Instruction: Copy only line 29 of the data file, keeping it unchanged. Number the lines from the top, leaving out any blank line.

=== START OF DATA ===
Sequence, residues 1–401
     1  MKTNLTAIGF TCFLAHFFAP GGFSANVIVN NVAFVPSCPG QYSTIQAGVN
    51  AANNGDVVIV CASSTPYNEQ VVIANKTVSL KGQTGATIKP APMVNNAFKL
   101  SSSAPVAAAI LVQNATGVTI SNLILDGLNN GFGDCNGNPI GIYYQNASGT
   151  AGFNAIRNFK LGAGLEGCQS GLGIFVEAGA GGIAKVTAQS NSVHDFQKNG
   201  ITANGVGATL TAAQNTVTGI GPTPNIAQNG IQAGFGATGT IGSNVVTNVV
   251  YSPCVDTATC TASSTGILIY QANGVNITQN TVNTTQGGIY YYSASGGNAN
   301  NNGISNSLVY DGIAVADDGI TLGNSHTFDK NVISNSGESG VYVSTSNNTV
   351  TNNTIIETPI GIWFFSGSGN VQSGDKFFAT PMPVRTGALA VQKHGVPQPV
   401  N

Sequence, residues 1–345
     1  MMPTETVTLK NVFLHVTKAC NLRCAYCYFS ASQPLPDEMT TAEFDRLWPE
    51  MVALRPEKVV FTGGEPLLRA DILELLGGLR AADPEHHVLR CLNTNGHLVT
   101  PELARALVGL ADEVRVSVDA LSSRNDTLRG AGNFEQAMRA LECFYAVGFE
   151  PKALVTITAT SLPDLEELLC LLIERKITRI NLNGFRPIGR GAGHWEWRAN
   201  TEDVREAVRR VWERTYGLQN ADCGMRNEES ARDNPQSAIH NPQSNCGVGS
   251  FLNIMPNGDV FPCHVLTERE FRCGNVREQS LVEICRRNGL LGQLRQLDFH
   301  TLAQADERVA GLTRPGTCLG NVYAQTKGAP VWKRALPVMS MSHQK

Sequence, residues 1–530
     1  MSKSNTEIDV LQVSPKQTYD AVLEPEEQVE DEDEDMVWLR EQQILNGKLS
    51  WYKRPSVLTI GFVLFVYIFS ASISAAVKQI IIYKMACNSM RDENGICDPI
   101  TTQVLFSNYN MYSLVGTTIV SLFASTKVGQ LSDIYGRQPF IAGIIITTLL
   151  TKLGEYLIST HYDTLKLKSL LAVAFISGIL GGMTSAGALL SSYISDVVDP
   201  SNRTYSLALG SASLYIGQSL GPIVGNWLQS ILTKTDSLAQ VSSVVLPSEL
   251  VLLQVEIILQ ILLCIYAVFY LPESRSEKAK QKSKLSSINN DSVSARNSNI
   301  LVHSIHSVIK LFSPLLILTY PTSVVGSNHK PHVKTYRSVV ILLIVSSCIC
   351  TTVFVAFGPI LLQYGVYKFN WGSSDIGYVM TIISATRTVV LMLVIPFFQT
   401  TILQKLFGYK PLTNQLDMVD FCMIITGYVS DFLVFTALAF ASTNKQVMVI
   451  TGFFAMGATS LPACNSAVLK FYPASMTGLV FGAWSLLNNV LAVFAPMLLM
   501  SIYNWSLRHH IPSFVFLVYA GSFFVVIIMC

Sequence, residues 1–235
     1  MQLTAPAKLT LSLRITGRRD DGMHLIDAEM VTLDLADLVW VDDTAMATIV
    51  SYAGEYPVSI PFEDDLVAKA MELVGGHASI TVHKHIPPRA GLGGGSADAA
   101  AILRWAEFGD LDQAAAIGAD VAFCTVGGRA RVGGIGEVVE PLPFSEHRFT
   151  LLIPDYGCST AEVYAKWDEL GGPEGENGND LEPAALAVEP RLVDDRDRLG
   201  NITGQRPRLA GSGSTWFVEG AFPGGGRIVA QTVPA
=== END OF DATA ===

   451  TGFFAMGATS LPACNSAVLK FYPASMTGLV FGAWSLLNNV LAVFAPMLLM